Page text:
Virtual bees help to unravel complex causes of colony decline
Professor Osborne added: "The use of this model by a variety of stakeholders could stimulate the development of new approaches to bee management, pesticide risk assessment and landscape management. The advantage is that each of these factors can be tested in a virtual environment in different combinations, before testing in the field. Whilst BEEHAVE is mathematically very complex, it has a user-friendly interface and a fully accessible manual so it can be explored and used by a large variety of interested people".
The project was funded by an Industrial Partnership Award from BBSRC with co-funding from Syngenta. It involved collaboration between ecologists and modellers from Exeter (Professor Osborne, Dr Becher and Dr Kennedy, who started the project at Rothamsted Research), Helmholtz Centre for Environmental Research – UFZ Leipzig (Professor Grimm and Ms Horn) and Syngenta (Dr P Thorbek).
Professor Melanie Welham, BBSRC's Science Director, said: "Healthy bees are vital to our food supply as they pollinate many important crops. This virtual hive is an important new research tool to help us understand how changes to the environment impact on bee health."
Pernille Thorbek, Ph.D., (Syngenta) adds: "Studying several stressors in multifactorial field trials is immensely complicated and difficult to do. BEEHAVE is an important new tool which can simulate and explore interactions between stressors and can improve understanding and focus experimental work."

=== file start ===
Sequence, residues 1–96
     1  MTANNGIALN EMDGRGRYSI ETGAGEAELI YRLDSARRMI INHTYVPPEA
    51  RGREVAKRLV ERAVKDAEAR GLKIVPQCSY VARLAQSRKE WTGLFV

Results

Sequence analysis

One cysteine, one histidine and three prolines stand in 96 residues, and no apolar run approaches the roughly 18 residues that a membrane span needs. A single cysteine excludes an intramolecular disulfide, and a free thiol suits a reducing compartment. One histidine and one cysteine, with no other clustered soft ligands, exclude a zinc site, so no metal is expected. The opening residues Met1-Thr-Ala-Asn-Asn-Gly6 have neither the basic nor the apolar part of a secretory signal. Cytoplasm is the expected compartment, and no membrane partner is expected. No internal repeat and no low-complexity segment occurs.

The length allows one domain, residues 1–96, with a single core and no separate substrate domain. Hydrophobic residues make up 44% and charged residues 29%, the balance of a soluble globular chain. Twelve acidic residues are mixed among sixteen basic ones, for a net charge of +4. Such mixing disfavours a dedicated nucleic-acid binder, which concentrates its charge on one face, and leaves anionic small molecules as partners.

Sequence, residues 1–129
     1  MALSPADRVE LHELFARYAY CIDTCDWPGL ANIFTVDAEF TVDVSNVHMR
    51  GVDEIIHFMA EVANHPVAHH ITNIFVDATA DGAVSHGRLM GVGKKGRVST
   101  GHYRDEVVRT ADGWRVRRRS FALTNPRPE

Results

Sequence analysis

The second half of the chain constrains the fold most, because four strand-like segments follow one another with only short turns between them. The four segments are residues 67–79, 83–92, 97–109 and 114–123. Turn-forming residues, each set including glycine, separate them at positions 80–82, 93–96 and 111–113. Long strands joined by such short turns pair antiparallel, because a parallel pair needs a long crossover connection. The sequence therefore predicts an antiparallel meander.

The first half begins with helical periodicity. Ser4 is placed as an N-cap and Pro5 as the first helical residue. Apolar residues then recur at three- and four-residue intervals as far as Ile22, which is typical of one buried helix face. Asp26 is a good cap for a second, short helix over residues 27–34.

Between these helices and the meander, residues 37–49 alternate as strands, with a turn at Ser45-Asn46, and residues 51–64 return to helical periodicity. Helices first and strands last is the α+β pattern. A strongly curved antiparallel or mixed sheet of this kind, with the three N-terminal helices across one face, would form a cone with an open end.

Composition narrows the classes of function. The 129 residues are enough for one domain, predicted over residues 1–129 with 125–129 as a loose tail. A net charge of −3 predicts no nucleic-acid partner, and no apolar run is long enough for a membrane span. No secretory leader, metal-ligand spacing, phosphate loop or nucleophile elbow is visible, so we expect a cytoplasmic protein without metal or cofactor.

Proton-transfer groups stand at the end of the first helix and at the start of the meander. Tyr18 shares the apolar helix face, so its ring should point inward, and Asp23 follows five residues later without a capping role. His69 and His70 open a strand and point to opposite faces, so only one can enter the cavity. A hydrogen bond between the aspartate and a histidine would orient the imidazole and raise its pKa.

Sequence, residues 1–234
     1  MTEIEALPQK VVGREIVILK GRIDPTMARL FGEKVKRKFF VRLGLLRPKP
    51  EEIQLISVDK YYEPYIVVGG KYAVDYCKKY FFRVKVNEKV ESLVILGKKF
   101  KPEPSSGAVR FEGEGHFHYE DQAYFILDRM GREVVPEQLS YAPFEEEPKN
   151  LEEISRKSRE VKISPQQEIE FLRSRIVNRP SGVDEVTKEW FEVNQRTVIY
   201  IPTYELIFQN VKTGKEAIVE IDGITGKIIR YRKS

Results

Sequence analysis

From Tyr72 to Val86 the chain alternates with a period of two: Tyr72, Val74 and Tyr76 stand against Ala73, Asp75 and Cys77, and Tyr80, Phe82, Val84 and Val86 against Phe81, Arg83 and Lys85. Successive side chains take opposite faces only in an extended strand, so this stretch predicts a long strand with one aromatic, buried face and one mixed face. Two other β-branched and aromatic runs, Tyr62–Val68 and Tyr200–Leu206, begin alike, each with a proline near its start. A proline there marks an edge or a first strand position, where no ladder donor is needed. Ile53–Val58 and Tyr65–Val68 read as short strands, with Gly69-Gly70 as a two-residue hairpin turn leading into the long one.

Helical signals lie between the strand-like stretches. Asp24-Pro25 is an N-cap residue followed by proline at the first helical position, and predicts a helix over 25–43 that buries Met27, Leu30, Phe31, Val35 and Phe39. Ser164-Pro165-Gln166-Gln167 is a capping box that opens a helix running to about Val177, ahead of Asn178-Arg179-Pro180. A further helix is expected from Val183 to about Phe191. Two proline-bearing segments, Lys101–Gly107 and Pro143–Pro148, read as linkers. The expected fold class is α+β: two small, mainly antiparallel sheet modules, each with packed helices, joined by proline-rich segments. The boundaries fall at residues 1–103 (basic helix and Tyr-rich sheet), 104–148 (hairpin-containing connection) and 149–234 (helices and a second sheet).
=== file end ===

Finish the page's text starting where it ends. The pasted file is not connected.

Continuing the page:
"BEEHAVE can help explore which changes to agricultural landscapes and beekeeping practices will benefit honeybees the most."
Professor Osborne's research group studies the behaviour and ecology of bees and other pollinators. They started the project when based at Rothamsted Research and moved to the University of Exeter in 2012. They work with beekeepers, conservation organisations, farmers and industry with the aim of conserving bee populations, and protecting and promoting wild flower and crop pollination.
David Aston, Ph.D., president of the British Beekeepers Association, commented that: "This model will be an important tool in helping us to understand the interactions and impact of the diverse stressors to which honey bee colonies can be exposed.
"Not only will it be invaluable for scientific research purposes but it will also be an important training tool to help beekeepers better understand the impacts of their husbandry and other factors on the health and survival of their colonies.
"The model demonstrates the significance of varroa and associated viruses in honey bee health and underlines the crucial need for beekeepers to manage and control the varroa in their colonies."
BEEHAVE is freely available at www.beehave-model.net
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